Highly pathogenic avian influenza (HPAI) under current conditions poses a major risk to human and animal health. Efforts to contain the disease are therefore in national and global interest.
As the most widely practiced control methods for poultry involve culling birds that are infected or in regions immediately around infected animals, the most common practice to ensure the cooperation of owners of birds is to compensate them for the culling of their animals to achieve this public goal.
Early identification of HPAI and the immediate culling of diseased or suspected animals are critical elements of reducing the risk of the disease spreading. The international community and national governments have responded to this challenge by establishing funding mechanisms to enable compensation to assist in this strategy.
Payment of compensation to farmers whose animals are being culled enhances producer cooperation through better motivation to comply with the disease reporting and culling requirements of disease control packages. It reduces the time lag between an outbreak and containment actions, and hence diminishes the overall cost of control.
To the extent that it reduces the virus load, it also reduces the risk of the virus mutating to becoming transmissible from human to human. Enhancing early reporting and complete culling of diseased or suspected birds is thus the first objective of compensation schemes. A second objective can be to reimburse losses of private citizens who have complied with a disease control process for the public good. This is compatible with the first objective.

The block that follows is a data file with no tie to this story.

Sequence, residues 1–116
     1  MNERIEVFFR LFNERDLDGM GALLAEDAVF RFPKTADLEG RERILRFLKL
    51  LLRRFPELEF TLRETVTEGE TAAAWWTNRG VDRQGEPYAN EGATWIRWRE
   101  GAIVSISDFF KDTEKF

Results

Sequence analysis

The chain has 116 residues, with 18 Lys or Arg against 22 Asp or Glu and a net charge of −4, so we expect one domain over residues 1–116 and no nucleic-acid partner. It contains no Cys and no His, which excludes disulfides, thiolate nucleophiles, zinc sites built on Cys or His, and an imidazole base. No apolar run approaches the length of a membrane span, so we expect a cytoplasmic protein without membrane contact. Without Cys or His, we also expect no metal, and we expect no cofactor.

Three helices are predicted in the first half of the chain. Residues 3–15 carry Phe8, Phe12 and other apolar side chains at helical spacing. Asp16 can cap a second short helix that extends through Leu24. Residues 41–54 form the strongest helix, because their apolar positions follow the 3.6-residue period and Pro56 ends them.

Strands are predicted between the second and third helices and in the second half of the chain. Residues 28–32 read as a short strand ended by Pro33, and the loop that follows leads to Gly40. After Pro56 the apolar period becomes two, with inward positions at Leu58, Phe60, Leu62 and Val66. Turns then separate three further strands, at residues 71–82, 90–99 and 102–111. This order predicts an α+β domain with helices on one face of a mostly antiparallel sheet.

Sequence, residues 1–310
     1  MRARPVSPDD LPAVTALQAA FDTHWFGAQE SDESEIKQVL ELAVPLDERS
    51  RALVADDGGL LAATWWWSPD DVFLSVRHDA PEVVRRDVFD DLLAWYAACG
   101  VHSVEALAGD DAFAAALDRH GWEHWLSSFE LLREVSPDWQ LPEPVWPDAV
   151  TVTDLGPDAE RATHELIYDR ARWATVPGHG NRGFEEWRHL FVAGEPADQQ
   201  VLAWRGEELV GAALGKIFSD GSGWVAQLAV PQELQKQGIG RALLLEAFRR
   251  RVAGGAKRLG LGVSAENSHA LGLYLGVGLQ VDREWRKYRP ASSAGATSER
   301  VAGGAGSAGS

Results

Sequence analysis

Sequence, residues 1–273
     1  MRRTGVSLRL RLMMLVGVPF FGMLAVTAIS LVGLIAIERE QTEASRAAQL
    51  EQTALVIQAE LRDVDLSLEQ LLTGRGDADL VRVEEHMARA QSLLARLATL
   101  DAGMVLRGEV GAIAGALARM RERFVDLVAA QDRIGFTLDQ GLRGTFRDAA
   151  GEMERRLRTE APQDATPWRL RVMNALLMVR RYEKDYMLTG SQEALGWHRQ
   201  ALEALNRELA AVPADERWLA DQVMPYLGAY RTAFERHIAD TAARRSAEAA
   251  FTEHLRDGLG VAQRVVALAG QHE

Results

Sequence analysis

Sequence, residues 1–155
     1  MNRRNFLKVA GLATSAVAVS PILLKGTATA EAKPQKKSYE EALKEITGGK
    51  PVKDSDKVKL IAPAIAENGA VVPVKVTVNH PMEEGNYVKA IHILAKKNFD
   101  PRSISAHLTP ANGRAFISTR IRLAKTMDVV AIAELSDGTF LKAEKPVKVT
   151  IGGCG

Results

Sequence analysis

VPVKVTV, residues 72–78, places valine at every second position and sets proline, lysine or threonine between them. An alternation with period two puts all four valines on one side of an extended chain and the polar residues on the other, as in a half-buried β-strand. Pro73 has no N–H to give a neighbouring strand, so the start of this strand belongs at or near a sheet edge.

Compensation rates should be no less than 50 percent of the reference market value of suspected birds at the farm gate, and no more than 100 percent. The rationale for the preferred range of 75–90 percent of the reference price and multiple considerations for being closer to one or the other limit are discussed in the report. Rates should be considerably lower for diseased birds and even less, but positive, for dead birds, to provide positive incentives for early and complete reporting.
Careful attention needs to be paid to bird movements during compensation to ensure that an incentive is not being created for the influx of healthy birds to disease zones or diseased birds to disease-free zones.
In dealing with small farmers in developing countries, compensation should be paid within 24 hours of culling by cash (or possibly voucher where handling cash presents a security threat and credible local formal financial institutions such as rural post offices are available); any delay is likely to have a significant effect on reporting.